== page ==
Doctor alerts parents about dangers of K2

September 30, 2010

Heather Elise Duge

Teens experimenting with their hair or wardrobe is one thing. But experimenting with a new drug disguised as incense is another.

Two teenage boys recently treated in The Heart Center at Children’s are dealing with heart problems after experimenting with K2 or "spice," a chemically enhanced marijuana substitute. It’s marketed as a harmless blend of herbs, incense or potpourri. In the past few months Dallas, Denton, Frisco, Lewisville and other North Texas cities have passed ordinances against selling or possessing K2. However, it’s easy to buy online or in cities where it’s still legal.

For student athletes who are subject to drug testing, there’s an even bigger selling point: Screening tests don’t pick up this drug. That also makes it impossible for doctors to know how much of the drug is in the body.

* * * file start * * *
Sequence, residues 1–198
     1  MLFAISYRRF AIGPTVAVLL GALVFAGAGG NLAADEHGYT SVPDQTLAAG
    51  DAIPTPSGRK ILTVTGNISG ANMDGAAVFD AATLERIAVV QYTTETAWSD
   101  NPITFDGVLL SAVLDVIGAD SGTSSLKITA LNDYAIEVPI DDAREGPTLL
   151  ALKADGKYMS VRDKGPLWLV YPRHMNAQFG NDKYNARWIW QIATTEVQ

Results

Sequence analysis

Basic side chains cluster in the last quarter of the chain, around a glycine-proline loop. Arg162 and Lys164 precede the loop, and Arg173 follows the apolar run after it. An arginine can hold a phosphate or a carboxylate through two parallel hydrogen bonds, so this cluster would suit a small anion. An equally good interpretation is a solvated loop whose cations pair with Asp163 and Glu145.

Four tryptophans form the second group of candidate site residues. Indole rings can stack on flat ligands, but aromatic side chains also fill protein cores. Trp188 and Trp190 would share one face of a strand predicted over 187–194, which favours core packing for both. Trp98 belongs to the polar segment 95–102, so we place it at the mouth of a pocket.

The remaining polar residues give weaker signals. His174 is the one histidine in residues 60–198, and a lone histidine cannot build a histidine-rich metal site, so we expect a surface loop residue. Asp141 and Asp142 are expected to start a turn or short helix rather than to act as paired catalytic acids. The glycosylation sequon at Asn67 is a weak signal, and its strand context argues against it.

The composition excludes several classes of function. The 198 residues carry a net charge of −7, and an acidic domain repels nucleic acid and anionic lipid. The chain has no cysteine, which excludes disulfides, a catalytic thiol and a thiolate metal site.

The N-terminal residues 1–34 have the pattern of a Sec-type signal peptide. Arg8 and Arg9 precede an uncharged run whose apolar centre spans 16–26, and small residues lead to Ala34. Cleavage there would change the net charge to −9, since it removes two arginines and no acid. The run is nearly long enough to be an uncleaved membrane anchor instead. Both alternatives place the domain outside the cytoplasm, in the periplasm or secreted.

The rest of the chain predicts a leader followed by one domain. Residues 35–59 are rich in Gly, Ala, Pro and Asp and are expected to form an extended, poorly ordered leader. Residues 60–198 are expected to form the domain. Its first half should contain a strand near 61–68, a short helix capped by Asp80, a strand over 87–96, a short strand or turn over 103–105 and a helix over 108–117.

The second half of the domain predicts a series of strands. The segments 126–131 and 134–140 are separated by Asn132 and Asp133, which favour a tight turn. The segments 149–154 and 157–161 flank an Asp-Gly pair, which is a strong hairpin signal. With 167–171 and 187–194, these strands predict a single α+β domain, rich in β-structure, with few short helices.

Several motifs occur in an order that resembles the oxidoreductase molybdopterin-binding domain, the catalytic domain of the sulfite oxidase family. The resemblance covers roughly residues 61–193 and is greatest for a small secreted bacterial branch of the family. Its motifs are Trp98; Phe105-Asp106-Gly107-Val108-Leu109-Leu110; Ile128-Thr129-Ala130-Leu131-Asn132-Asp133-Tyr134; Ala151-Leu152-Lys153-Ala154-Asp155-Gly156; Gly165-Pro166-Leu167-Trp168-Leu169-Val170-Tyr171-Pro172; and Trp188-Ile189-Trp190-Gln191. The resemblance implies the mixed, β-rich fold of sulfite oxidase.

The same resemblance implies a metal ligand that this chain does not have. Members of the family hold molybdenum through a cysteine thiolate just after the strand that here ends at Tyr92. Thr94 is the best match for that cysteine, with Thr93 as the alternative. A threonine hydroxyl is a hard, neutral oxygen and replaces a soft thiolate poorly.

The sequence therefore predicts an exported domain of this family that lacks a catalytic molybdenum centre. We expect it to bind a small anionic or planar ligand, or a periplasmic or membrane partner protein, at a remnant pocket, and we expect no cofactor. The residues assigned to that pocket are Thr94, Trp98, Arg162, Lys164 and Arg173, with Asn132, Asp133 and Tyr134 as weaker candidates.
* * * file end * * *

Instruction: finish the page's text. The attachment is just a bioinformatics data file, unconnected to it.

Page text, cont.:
Dr. Colin Kane, pediatric cardiologist at Children’s, wasn’t familiar with K2 when the two boys came into the Emergency Department with unexplainable chest pain. In fact, there is no medical literature on K2, and doctors don’t know what the long-term side effects are.

Only after some prodding did the teens admit to using the popular drug. Unfortunately, one of the boys, a high school football player, has permanent heart damage and will be on the sidelines this year—and maybe permanently. The other young man may have to end his plans to join the military.

Worried about K2 and your teen?

Here are some tips for parents about dealing with K2 and your child:

  • Keep communication lines open. Ask your child not only about K2 but also drugs in general.
  • Watch for traces of an herb-like substance in your teen’s bedroom or backpack.
  • Educate your kids about the dangers of smoking K2.
  • Be on the lookout for side effects of K2, including paranoia and a soaring heart rate.